and perhaps most importantly, in both novels “sexual repression assists” the
government in maintaining “social control.”25

Winston Smith’s utter resignation at the end of Orwell’s Nineteen Eighty-
Four, when he realizes that he has “won the victory over himself” and at last
loves “Big Brother,”26 is the forerunner of Offred’s startling realization near
the end of her tale:

I’ll stop complaining. I’ll accept my lot. I’ll sacrifice. I’ll repent. I’ll abdicate. I’ll
renounce. I know this can’t be right but I think it anyway . . . I don’t want
pain . . . I want to keep on living, in any form. I resign my body freely, to the
use of others. They can do what they like with me. I am abject. I feel, for the first
time, their true power. (286)

Both Orwell’s and Atwood’s originally free-thinking protagonists, then, are
eventually coerced into submission by the state. Although they may do so for
different reasons, both finally surrender themselves up to the state, in body,
mind, and soul.

That said, as one reader remarks, “For all the parallels to that powerful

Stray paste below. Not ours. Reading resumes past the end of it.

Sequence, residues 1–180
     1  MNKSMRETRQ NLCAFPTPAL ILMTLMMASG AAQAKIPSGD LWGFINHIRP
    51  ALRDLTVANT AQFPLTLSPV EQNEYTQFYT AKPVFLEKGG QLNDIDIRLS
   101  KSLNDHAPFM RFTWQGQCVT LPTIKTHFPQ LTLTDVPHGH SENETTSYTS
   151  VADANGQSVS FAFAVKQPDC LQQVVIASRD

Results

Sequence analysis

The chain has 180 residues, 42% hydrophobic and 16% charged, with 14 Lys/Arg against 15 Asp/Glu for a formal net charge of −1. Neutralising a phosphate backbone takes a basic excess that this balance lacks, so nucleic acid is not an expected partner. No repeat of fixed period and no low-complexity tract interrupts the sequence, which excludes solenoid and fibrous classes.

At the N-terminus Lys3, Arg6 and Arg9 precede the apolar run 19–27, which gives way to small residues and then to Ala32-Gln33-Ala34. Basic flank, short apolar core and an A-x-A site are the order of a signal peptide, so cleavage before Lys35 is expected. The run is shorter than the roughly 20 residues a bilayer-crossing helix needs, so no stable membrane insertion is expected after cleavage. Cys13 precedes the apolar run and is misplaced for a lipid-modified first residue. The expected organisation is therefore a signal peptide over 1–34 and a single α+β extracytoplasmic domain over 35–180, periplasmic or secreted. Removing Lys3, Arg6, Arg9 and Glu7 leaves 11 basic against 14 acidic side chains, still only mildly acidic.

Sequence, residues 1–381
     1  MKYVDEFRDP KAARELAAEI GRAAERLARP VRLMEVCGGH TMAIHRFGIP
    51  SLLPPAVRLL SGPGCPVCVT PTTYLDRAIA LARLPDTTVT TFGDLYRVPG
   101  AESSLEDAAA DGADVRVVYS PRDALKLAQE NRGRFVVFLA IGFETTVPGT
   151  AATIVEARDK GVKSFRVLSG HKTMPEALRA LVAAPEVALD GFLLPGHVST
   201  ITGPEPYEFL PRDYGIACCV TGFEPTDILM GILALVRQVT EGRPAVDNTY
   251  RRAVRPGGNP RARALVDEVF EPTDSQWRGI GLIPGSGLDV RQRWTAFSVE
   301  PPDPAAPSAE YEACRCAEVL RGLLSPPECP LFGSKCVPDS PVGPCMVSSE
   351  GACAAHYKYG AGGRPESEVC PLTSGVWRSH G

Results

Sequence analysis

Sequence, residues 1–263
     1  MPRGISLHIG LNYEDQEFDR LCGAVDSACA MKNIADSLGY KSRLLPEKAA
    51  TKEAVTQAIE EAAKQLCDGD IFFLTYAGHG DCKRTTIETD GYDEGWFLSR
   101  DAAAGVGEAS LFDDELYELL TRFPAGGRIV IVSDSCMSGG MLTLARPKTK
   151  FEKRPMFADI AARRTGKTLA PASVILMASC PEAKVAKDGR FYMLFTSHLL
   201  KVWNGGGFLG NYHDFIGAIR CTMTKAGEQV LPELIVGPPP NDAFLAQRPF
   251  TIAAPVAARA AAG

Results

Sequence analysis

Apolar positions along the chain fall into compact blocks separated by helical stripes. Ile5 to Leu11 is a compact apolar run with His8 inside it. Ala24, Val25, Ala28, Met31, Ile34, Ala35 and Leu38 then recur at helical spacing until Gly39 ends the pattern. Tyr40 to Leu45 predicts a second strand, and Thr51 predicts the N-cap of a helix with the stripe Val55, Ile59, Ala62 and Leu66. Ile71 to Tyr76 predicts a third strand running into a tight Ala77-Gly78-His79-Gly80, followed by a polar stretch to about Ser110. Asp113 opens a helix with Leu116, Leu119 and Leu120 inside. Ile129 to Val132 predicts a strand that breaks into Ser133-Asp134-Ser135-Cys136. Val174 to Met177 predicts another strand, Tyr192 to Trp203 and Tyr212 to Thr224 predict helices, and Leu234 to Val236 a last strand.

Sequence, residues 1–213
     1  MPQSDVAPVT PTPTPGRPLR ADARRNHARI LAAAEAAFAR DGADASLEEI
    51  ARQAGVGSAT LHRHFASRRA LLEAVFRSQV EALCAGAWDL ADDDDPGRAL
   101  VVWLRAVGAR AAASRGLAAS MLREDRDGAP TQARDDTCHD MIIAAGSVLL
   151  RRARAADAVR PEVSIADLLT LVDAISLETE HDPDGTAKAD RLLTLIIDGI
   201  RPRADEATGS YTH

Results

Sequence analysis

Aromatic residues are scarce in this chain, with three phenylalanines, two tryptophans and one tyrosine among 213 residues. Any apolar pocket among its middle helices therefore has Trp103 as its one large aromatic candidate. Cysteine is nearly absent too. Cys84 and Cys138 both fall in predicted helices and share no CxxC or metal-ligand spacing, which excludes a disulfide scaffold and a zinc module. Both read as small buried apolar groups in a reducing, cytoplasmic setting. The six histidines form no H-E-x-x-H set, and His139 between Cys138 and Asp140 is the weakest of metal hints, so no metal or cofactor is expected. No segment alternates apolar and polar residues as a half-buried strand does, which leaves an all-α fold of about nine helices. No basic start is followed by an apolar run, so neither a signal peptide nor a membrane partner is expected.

precursor Nineteen Eighty-Four, The Handmaid’s Tale is a work with an entirely
different scope and feel.”27 Specifically, while the earlier text focuses on “the
design” and mechanics of dystopian social engineering, the latter one focuses
on “the experience of living under it,” as such knowledge of the totalitarian
society’s ways and means can be taken for granted, having become “part
of the readers’ cultural and generic awareness.”28 Seen in this light, The
Handmaid’s Tale both “participates in and extends the dystopian genre”29 that
was pioneered by Orwell and others in the mid-twentieth-century.30

To the extent that it may be regarded as a feminist dystopia, The Handmaid’s
Tale is “a clever appropriation of a predominantly male literature for feminist
purposes.”31 That said, a little-acknowledged feminist precursor to Atwood’s
novel can be identified: Charlotte Perkins Gilman’s satire “The yellow wallpaper.”
Like the female protagonist of Gilman’s 1892 novella, one whose
situation harkens back in turn to that of Bertha Mason, the madwoman in the
attic of Charlotte Brontë’s 1847 Jane Eyre, Offred is a prisoner of a patriarchal
domestic tyranny, and passes the time, like her predecessor in the Gilman
story, who also keeps a secret journal, doing whatever she can in the straitened
circumstances of her bedroom-prison. She recalls wishing to explore her
bedroom slowly:


Margaret Atwood’s The Handmaid’s Tale (1985)
I didn’t want to do it all at once, I wanted to make it last. I divided the room
into sections, in my head; I allowed myself one section a day. This one section
I would examine with the greatest minuteness: the unevenness of the plaster
under the wallpaper, the scratches in the paint of the baseboard and the
windowsill, under the top coat of paint, the stains on the mattress . . . (51)